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All disease starts in the gut

The concept of “gut health” is relatively new and was not known and/or taught back when I was in pharmacy school.  A few years ago I spent an ENTIRE day learning about the importance of the “gut-brain” axis. I learned that virtually ALL disease starts in the gut, which was noted by Hippocrates 2000 years ago.  The gut and the brain are part of the enteric nervous system (ENS), which is a meshwork of nerve fibers that innervate the gastrointestinal tract, pancreas and gall bladder.  The ENS reports to the brain in a two-way communication about many mechanical and chemical reactions, including the secretion of over 40 neurotransmitters.  In fact, 80-90% of the body’s serotonin can be found in the gut, which is why it’s often referred to as the “second brain”.  Additionally, the gut houses between 70% of the body’s immune cells.  Much of the chronic diseases we face today can also be traced back to our gut health.

 

 

Photo. Accessed on August 6, 2015 at: http://modernhealthproject.com/new-scientific-discovery-probiotics-and-prebiotics-may-hold-the-key-to-curing-neuropsychological-disorders/  

A happy brain = a happy gut.  See my tips below for maximizing your gut health:

1.  Chew your food SLOWLY.  We’ve all heard of “you are what you eat”, but really, you are what you absorb.  Try to maximize digestion by being in a relaxed state while eating, taking small bites and thoroughly chewing your food.

2.  Identify any inflammatory triggers like medications or foods that could contribute to inflammation.  Chronic medication use with antibiotics, antacids and steroids can disrupt the gut permeability.  Additionally, inflammatory foods can also cause damage to the gut.  The most common allergenic foods include corn, wheat, soy, dairy (casein), eggs, nuts and fish.  If this seems too overwhelming, consider food allergy/sensitivity testing or contact a practitioner to help you address.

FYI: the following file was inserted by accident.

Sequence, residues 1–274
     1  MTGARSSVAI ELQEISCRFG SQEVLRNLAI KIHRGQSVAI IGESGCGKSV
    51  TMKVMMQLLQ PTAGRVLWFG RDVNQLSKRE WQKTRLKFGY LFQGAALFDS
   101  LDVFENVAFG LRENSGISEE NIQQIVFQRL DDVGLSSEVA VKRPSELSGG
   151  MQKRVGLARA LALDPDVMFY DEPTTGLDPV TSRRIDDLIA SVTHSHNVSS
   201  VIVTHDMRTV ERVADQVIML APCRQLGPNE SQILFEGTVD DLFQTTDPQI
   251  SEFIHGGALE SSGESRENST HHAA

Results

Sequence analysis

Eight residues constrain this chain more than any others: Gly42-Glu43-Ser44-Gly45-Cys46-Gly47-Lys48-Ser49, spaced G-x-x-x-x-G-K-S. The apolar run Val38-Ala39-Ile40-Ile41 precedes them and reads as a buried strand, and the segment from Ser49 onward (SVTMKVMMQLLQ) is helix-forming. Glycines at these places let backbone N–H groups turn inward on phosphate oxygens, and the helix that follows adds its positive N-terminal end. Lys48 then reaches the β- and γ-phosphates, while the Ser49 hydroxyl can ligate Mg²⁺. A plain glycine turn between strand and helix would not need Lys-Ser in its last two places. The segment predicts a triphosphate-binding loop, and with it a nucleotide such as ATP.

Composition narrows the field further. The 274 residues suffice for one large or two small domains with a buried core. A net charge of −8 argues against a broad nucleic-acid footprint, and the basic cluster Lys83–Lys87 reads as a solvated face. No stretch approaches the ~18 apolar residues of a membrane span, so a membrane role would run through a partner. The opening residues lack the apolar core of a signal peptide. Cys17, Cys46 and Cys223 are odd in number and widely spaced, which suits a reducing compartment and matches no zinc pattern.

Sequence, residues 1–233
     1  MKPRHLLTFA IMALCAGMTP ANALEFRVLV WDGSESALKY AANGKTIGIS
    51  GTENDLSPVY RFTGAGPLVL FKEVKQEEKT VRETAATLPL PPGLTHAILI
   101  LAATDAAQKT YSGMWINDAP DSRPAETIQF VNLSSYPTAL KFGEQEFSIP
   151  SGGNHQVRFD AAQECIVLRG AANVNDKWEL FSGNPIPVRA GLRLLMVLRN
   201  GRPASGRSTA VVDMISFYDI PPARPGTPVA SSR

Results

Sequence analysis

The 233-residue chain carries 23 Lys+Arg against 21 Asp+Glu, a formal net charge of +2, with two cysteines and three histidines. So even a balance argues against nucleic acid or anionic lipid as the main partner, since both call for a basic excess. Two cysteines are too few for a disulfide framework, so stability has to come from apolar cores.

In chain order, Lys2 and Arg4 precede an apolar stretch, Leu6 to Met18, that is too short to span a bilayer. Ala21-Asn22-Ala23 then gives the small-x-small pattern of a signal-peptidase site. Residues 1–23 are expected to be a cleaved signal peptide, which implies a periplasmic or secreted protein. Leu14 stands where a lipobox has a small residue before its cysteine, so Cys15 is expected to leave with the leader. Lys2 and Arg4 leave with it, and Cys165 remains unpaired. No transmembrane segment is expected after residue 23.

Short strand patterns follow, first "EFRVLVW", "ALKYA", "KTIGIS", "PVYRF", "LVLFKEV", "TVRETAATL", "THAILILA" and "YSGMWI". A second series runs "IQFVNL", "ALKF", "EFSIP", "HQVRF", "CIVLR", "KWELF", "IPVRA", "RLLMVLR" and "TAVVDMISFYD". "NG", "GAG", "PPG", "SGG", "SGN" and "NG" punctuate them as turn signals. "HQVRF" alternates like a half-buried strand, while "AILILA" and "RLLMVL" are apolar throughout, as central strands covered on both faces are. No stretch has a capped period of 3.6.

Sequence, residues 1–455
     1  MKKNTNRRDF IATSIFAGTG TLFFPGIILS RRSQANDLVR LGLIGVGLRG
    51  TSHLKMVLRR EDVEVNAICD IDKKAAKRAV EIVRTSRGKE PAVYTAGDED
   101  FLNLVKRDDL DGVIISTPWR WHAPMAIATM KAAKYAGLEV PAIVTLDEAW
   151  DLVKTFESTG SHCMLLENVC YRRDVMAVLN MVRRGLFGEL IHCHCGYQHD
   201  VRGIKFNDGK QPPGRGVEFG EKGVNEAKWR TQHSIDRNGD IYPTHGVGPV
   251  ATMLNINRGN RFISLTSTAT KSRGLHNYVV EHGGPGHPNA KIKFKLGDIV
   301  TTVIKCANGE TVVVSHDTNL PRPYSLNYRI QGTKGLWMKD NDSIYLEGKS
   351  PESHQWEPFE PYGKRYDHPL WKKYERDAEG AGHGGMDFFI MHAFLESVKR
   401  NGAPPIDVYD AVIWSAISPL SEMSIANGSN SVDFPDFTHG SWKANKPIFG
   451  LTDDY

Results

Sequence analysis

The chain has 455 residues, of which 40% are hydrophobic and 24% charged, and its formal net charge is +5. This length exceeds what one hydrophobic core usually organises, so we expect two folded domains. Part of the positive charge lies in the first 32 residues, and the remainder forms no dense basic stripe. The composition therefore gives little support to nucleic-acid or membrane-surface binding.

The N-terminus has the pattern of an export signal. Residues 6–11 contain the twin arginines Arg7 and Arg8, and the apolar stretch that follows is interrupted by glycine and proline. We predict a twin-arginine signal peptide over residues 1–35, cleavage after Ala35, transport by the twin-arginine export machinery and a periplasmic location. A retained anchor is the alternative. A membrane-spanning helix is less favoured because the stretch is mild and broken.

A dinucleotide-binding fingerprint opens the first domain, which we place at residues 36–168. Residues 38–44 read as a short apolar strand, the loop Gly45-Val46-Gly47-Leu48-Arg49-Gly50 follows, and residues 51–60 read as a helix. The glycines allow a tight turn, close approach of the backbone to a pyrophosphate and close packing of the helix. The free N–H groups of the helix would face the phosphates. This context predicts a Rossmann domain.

3.  Consider probiotic foods and/or a quality probiotic.  See my post on Nutritional deficiencies in ADHD for more information on finding probiotic foods or choosing a supplement.

4.  Minimize stress.  Say what?  Stress is a MAJOR contributor to inflammation and gut health.  Whenever you’re feeling stressed, try this simple 6-7-8 breathing technique.  I’m also a fan of a quick meditation.  Check out the Headspace app (for 10 days of free meditations).

Want to read more?

Sanders, H. What is Serotonin and Signs of Serotonin Deficiency?  Accessed on June 21, 2016 at: http://www.healthambition.com/serotonin-signs-serotonin-deficiency/

Christner, M.  The gut brain axis: fix your gut, fix your brain.  Accessed on August 6, 2015 at: http://empoweredsustenance.com/gut-brain-axis/

Kresser, C.  5 uncommon uses for probiotics.  Accessed on August 30, 2015 at: http://chriskresser.com/5-uncommon-uses-for-probiotics/

Kresser, C.  9 Steps to perfect gut health.  Accessed on August 7, 2015 at https://chriskresser.com/9-steps-to-perfect-health-5-heal-your-gut/

Marquis, D.  Inflammation affects every aspect of your health.  Accessed August 30, 2015 at: http://articles.mercola.com/sites/articles/archive/2013/03/07/inflammation-triggers-disease-symptoms.aspx

Nett, A.  Heal your gut, heal your brain.  Accessed on July 30, 2015 at: https://chriskresser.com/heal-your-gut-heal-your-brain/

Sanfilippo, D.  Healthy digestion.  Accessed on August 30, 2015 at: http://balancedbites.com/healthy-digestion

Functional Farmacist. Gut Health and Microbiome Pinterest board. (I’ve got over 50 articles to read here).

Prefer to listen?  Check out these podcasts:

Kresser, C.  The gut-brain access.  Accessed on July 30, 2015 at: https://chriskresser.com/the-healthy-skeptic-podcast-episode-9/

Or watch?

Immunology in the Gut Mucosa.  You Tube.  Accessed on August 6, 2015 at https://www.youtube.com/watch?v=gnZEge78_78

 

 

 

 

 

 

 

 

 

 

 

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